I am kaitco

a writer's log

Trapped/Faith Thursday, September 15, 2011

Filed under: Dorienne,Writing — kaitco @ 9:23 pm
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Trapped

Light blue walls are grey
And within them, I am trapped.
“Business needs” outweigh my own,
Exits are blocked with no help on the way.
I am trapped. I am trapped.
I give my all; days in with no days out.
I smile and uplift, but none even see,
And still, I am trapped.
I must get out. Please God, help me!
I can’t stay. I can’t go on
And continue to be trapped.

As I sat at my desk tonight, thoroughly disgusted with everything that touches my life, I felt the slightest pangs of despair and went first to what I always reach when I feel myself reaching a precipice, thus the poem.

Shortly after writing it, and a cry of self-pity later, I brought out my bible to study, praying first for “help” from whatever I was to read tonight. As always, God delivers and the message I really needed to hear came from Matthew 14. Peter was fine while he kept his eyes on Jesus, but the moment he started to let worldly things (i.e., the fear of sinking) deter his thoughts, he started to sink. Jesus plucked up him and gave what I equate to a verbal sigh from his lack of faith.

I don’t know why I allow the little things to get to me; I suppose it’s the human way. What I enjoyed about this evening, however, is how I got to my lesson. I’ve long since turned to writing in times of stress because it seems that if I just write it out of me, I’ll be okay. Tonight, turning to my writing turned me to the bible and a reminder that it’s only when I take my eye off Jesus do the little things start to pile and bite at me all at once.

I wrote 1014 words tonight (what we all are thinking deep down) and I pray that I live to see a day when I turn to my faith first in times of strife instead of everything else.

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The bad girl Wednesday, September 14, 2011

Filed under: Dorienne,Writing — kaitco @ 11:59 pm
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Five years into my Christian walk, it’s often difficult to remember what my “old life” was like. I can remember blurs and pieces here and there, but I can’t recall if much of it was a lot of fun because I didn’t really like myself then and worried about the person I would become.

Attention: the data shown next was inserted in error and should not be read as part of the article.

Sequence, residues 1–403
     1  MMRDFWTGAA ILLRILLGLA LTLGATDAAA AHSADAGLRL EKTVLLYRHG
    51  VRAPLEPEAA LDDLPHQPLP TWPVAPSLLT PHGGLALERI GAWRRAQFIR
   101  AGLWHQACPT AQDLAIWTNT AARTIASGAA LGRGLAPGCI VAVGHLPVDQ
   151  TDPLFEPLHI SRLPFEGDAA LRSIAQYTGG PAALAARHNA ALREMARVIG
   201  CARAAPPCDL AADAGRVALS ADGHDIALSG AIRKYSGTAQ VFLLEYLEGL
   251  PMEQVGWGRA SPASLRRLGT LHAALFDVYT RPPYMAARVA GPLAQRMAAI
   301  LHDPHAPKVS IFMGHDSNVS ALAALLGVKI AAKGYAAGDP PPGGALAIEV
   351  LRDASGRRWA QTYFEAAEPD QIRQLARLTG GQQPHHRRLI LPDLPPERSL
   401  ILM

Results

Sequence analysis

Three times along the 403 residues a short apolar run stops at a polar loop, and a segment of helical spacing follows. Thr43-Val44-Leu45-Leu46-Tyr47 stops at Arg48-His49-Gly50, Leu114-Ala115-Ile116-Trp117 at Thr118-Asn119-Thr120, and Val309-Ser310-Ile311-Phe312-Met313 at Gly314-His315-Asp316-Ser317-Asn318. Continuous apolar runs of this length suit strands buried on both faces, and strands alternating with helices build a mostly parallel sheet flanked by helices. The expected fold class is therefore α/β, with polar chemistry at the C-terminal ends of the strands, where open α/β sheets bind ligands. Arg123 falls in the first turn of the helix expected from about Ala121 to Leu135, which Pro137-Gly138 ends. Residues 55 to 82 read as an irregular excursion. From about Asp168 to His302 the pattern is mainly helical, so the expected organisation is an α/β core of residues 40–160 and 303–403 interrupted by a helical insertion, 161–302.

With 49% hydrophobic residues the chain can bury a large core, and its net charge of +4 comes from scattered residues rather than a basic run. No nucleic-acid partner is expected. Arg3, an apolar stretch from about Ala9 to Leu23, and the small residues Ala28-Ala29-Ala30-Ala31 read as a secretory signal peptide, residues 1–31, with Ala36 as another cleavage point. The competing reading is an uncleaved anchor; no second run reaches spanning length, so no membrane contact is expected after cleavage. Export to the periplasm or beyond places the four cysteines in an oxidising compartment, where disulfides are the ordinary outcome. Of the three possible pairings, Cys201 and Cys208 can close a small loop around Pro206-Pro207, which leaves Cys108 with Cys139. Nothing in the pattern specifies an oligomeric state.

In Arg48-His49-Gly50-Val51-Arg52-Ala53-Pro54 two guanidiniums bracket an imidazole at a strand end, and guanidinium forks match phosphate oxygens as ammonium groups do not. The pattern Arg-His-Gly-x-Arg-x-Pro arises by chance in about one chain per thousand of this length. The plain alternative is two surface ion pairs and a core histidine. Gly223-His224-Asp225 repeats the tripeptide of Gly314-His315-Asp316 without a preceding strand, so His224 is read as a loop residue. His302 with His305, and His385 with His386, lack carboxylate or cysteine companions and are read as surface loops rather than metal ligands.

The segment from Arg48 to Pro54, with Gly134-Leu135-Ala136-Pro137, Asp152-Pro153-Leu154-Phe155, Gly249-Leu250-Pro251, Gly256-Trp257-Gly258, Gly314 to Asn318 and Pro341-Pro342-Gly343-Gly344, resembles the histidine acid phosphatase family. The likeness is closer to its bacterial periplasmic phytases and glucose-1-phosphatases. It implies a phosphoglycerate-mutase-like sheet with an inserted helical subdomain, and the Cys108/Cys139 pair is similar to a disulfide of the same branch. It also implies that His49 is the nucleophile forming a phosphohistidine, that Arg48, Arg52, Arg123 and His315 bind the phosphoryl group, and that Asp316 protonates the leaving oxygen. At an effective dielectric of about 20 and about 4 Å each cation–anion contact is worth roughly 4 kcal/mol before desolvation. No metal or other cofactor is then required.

I like to think that declaring myself a Christian shuns away all wisps of my “bad girl” days, but I know this isn’t true. Every once in a while she appears, often when I least expect it.

Things are going well and there’s no sense that anything could deter me from the path on which I’ve set myself and suddenly, she appears. When she arrives, I start thinking the most bizarre things: Just go ahead and write a little and put off your bible study for another night. It’s just one night…You can have an affair with a married man. You’re not the one who’s married…Why not just quit your job and not do anything? Who could stop you…You’ve got some cash in your wallet and credit card. Get that Bailey’s you’ve been craving and just have a little drink.

The only thing that really keeps from letting the “bad girl” takeover is that it’s just too easy. As my mother often said when I was a child, “If it was easy, everyone would do it.” It’s easy to give into temptation just like it’s easy to procrastinate and let life’s troubles slide, but it’s very, very hard hold onto your principles when all those around you seem to succeed by not having any.

I’m not sure I’ve got anything significant to say about this tonight. I guess it just annoys me that I can no longer do whatever the heck I feel like doing because I now know and fear the repercussions of my actions and I know that I can’t go into sin by asking for forgiveness first.

I wrote 519 words tonight (his focus from his still uneaten sandwich.) and read the 13th chapter of Matthew (unfortunately in reverse order) despite the bad girl’s whispers in my ear that told me I really didn’t want to do either. I can’t say that I never listen to her anymore, but the harder I work to put God first in my life, the easier it is to ignore her.

 

The waiting Tuesday, September 13, 2011

Filed under: Writing — kaitco @ 11:59 pm
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I know that Jesus and I are working on this patience thing from how I handle having to wait for anything in life. I want the book to be done…right now. This very second. I want my project to be reviewed already. In fact I want it done yesterday. Every once in a while, a tiny sliver of patience will squeeze into my life, like the patience for the car, but the waiting is the hardest aspect life has ever had to offer.